Section III Program Evaluation
An integral and vital aspect of any fire prevention program is an evaluation of its results. This section provides some suggestions for measuring and assessing the effectiveness of programs implemented.
Implementing a program is not the end of the process. A program must be evaluated continually to ensure the best use of resources to address a fire problem in the community. The evaluation process should indicate if a program needs to be modified or whether its goals and objectives have been achieved. Achieving these will likely change the character of a community's fire problems. Therefore, an updated needs analysis may be required to determine how to maintain the improved level of fire safety and what priority should be addressed next subject to the availability of resources.
3.2. PROGRAM EVALUATION METHOD
One method of program evaluation is explained below. There are a number of components to this evaluation model. It is important to understand that these components are interrelated and therefore, all must be applied so that the program can be implemented easily, monitored continuously, and evaluated objectively. The first three components address program planning, the next three address program measurement, and the last three address evaluating program performance.
Program Planning Components
A program goal(s) is the intended overall benefit of the program. It should state what the program is intended to achieve and should answer an identified need. This would include the reason(s) why a program was created and consideration of how the program will evolve in the future. A program goal is linked to the realization of the overall mission of the department.
The first step to good planning is to set realistic, achievable goals which reflect the parameters under which the program must operate. For example, the availability of fiscal or human resources to apply to a particular activity.
Objectives are the measurable outcomes of a program that can be achieved within a specific period of time to contribute to the realization of the goal(s). The objectives should state clearly the quantitative outcomes where appropriate (e.g. 100 % of apartment buildings will be inspected by a certain date), as well as qualitative outcomes, such as raised awareness or attitude shift regarding fire prevention will occur by a certain date.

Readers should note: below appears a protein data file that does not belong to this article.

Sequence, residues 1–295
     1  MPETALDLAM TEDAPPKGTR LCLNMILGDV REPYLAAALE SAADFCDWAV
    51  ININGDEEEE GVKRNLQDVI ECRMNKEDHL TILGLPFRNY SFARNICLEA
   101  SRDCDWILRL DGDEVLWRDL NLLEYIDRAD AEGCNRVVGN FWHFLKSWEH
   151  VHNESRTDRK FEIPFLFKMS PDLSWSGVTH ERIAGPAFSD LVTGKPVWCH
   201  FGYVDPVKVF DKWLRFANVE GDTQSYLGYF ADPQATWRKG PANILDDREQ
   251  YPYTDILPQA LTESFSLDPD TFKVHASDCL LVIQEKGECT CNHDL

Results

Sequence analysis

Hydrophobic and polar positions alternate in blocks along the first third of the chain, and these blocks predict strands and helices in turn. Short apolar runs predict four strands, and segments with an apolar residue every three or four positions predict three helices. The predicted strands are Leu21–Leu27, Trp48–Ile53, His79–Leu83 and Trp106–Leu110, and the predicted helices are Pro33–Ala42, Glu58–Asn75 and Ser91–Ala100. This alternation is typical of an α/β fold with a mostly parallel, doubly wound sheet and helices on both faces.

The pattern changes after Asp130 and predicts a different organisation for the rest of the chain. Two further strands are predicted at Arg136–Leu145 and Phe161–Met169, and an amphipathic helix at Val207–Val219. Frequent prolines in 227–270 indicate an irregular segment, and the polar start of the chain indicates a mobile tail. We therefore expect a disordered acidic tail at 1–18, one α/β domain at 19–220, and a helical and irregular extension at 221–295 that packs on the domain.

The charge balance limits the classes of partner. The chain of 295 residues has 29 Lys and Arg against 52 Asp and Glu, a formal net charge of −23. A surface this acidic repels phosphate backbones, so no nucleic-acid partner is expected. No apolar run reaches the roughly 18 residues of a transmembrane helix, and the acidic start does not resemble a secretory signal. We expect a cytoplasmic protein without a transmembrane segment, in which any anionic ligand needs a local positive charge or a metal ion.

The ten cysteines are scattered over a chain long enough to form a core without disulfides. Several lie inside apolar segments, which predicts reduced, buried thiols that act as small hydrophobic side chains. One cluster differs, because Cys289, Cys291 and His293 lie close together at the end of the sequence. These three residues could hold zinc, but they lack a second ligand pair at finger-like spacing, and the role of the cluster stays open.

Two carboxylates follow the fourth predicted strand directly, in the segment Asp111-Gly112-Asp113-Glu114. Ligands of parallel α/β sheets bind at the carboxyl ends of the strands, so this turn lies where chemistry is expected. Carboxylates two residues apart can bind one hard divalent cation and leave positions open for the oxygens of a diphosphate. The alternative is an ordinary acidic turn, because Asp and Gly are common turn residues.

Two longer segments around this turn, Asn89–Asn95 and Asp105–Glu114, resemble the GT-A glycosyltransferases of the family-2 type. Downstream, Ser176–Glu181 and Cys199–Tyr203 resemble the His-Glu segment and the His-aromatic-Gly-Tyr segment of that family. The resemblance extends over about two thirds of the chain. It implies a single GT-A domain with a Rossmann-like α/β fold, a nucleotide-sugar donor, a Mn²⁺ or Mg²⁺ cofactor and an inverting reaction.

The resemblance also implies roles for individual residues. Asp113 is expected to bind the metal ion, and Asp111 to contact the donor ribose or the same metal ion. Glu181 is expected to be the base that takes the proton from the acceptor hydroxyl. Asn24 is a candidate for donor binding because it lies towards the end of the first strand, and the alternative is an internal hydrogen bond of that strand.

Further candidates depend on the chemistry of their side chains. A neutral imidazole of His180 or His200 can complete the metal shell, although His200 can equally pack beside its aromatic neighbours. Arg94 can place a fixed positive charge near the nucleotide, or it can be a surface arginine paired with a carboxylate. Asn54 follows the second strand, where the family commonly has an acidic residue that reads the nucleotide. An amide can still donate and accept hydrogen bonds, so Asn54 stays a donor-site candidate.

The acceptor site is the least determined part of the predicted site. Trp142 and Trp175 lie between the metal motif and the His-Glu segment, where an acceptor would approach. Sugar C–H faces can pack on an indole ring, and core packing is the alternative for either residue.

In cases where a new initiative has been launched or where results have not been previously measured for a program, the first year that the objectives are measured will be considered baseline information against which all future results will be compared.
The following are suggested objectives for programs in the three areas of fire prevention:
1) Achieve compliance with fire safety legislation:
- within a specified time (determined by follow-up inspections);
- through continued compliance (determined at subsequent routine inspections);
- through continued compliance for properties not subject to routine inspection (determined by spot checks); and
- through voluntary compliance of properties not subject to inspection.
2) Reduce the potential impact of fire in properties through:
- the elimination or reduction of fire hazards to reduce the size and spread of fires;
- containment measures to limit the size and spread of fires;
- alarm and detection measures to limit the spread of fire and provide occupants with adequate warning to respond appropriately;
- suppression measures to limit the damage caused by fires; and
- fire safety planning information to increase occupants' knowledge and to limit the damage caused by fires.
Public Safety Education
1) Increase the fire safety knowledge and awareness of property occupants:
- to a defined, acceptable level;
- appropriate to the risks for the targeted occupants.
2) Reduce the incidence and impact of fires:
- occupants of properties prevent fire occurrences as a result of fire safe behaviour;
- limit damage and injuries due to fire by reacting appropriately to fire incidents.
Fire Incident Evaluation
1) Gather sufficient information:
- to allow for proper needs analysis;
- for meaningful evaluation of fire department programs.
Activities are actions conducted to achieve the objectives and goal(s) of a program. A complete description of the key activities of the program can be developed by asking questions such as:
- What things need to be done to achieve a certain result?
- What fiscal, human, and physical resources are required to achieve these results?
The activities associated with each type of program are addressed in Section II.
Program Measurement Components
Both staff and direct operating costs should be included.
Salaries, benefits and any other related costs for staff who carry out the activities of a program. These costs can be assessed by reviewing the activity reports of staff and determining the amount of time spent on various activities. If an activity reporting system is not in place, then a reasonable estimate of staff time can be used as long as it is clearly identified as an estimate.
Direct Operating Costs
Transportation, communications, services, supplies and equipment costs that are required to carry out the activities of the program.